Why are Wedding flowers expensive?

As a florist I meet couples every week planning their big day and come to me for advice on their wedding flowers – what to have, what’s in season and, more importantly, what it will all cost…? 

I try to be as helpful as I can, but there are so many variables,  so I cannot just give you a ‘ball park’ figure as it all depends on content, size and style of floral decoration you are wanting. 

If you’re reading this you may be planning your wedding, whether this year or next, or know of someone who has a wedding coming up. I want to give you an understanding the true cost of wedding flowers, because over the years I have experienced that allocations for flowers within wedding budgets is often unrealistic. SO, if you are working through your wedding budget, then please read this…

You may have already had a few consults with a wedding florist and and came away feeling why are they so expensive?

After all, they are just flowers, and you may be thinking  “I see them in the supermarket every week, why is this florist charging so much more?”  

The answer is as a Wedding Florist we use more select ingredients, and it has taken your florist a huge amount of time to learn, practice and PERFECT!  It also takes much longer to create a bridal bouquet compared to a bunch seen in the Supermarket, as the florist will be constantly checking the shape and re-positioning stems to ensure the finished design is perfect. We also finish the bouquet with silk or satin ribbon which is more expensive than using cheap cellophane wrapping!  Also the majority of weddings takes approx 5 days of ordering, creating and delivering to complete your wedding, you are paying for this, not just the stems ordered, plus the time we spend meeting, drawing out a proposal and answering emails. 

OK, so we could use seasonal flowers to be cheaper, but this isn’t always the case, choosing English grown roses in June may be often be double the prices of cheaper imported varieties.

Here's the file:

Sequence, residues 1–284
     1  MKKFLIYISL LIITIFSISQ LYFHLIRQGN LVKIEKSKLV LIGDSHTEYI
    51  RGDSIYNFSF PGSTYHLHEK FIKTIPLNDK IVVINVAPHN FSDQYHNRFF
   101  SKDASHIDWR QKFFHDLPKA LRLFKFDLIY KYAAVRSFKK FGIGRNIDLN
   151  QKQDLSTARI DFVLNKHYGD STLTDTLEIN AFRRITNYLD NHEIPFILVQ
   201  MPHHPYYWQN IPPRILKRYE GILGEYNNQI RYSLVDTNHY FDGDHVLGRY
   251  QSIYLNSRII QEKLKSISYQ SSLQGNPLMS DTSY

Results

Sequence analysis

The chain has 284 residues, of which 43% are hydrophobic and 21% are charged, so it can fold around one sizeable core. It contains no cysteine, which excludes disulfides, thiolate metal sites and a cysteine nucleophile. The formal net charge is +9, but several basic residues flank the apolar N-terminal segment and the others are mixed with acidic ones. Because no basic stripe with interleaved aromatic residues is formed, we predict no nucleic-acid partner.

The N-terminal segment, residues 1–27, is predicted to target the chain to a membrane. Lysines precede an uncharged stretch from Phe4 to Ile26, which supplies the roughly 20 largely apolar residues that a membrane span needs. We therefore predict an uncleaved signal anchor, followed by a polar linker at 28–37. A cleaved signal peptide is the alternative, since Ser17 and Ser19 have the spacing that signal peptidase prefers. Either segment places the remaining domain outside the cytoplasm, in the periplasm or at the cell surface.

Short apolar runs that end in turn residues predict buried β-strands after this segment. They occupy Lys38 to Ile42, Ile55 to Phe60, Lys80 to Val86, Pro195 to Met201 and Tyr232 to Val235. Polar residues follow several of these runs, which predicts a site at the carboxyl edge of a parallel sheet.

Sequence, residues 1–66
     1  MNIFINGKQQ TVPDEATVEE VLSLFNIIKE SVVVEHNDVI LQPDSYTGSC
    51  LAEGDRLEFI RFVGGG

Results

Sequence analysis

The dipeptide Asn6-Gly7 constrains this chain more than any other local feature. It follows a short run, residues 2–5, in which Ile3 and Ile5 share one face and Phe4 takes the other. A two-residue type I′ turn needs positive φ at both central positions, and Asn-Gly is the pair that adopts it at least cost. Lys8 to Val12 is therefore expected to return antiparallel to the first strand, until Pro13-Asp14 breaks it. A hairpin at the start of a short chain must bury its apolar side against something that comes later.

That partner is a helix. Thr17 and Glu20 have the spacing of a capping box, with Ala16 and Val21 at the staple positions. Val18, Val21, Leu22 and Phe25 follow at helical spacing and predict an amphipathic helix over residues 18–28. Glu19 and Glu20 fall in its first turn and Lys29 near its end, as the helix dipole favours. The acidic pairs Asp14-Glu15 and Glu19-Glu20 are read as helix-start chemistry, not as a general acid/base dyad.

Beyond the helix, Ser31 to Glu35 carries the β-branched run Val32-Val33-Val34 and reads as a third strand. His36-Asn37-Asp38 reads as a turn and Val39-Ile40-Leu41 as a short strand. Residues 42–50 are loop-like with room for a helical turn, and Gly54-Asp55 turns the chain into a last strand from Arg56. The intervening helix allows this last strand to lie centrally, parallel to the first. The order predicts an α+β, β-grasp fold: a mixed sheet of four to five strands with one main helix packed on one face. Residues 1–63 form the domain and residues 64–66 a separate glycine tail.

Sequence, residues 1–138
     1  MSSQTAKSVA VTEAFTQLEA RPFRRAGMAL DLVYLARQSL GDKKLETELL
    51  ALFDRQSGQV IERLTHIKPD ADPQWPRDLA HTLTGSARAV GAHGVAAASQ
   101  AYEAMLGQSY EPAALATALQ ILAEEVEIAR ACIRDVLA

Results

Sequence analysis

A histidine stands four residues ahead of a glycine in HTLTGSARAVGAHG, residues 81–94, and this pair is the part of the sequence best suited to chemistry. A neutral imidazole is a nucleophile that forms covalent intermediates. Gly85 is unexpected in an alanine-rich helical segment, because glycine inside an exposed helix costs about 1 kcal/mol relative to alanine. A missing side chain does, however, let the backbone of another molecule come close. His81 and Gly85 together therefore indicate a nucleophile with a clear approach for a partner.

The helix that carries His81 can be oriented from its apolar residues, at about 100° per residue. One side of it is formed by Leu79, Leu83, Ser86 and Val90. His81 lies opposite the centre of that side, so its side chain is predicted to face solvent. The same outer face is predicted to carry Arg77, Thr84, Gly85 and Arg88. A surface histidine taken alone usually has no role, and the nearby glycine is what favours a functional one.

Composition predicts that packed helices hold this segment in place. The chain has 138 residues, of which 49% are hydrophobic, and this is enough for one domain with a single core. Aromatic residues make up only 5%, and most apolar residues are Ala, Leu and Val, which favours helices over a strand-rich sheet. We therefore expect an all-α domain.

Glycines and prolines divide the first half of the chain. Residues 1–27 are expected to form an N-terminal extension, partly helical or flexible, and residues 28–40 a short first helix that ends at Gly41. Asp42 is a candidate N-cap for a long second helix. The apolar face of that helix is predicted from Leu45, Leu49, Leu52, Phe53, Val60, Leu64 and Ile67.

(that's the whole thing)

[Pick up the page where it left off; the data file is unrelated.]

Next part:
There are florists out there to suit every taste, every budget and every client. I often explain the brides, that as florists we are like the bakers on Bake-Off, we all get the same ingredients but we all produce something slightly different as we all have our own work styles, so it’s finding a florist that you like their work and style.

Below is a summary of the process that happens when you use the services of  professional florist ;

Meetings and consultations – It quite often starts with an enquiry from the bride, whether by email, phone or at a wedding fair, where you can talk to a florist about your ideal bouquet style, the colours and flower choice.

Please, please tell me your essentials of what you would like; bride bouquet, maids, buttonholes , table centres etc. Them make a list of a wish list, such as a flower arch, church flowers etc.

If you have an idea by now of your spend, and you should ideally, please tell me. Many couples think if I tell them my budget then I’ll spend it all….Yes, I will, that is your budget, so that is what I will cater for. There is no point wasting anyones time – mine or yours, so please be upfront.  

A good way of budgeting enough for your flowers is to split your total by the amount of items:

Say you have £700 to spend and you need:

1 Bridal Bouquet

5 Maids Bouquets

10 buttonholes

2 ladies corsages

10 Guest table centrepieces

1 Top Table/Ceremony Flowers

2 Thank you Bouquets

10 Pew ends

That’s 41 items, £700 divided by 41 = £17.07 per item.

Now you see that the budget is not realistic or what you would like has to be amended.

So don’t penalise a florist for not being able to get your requirements into your budget, it may be a case of compromising on certain elements if the budget can not moved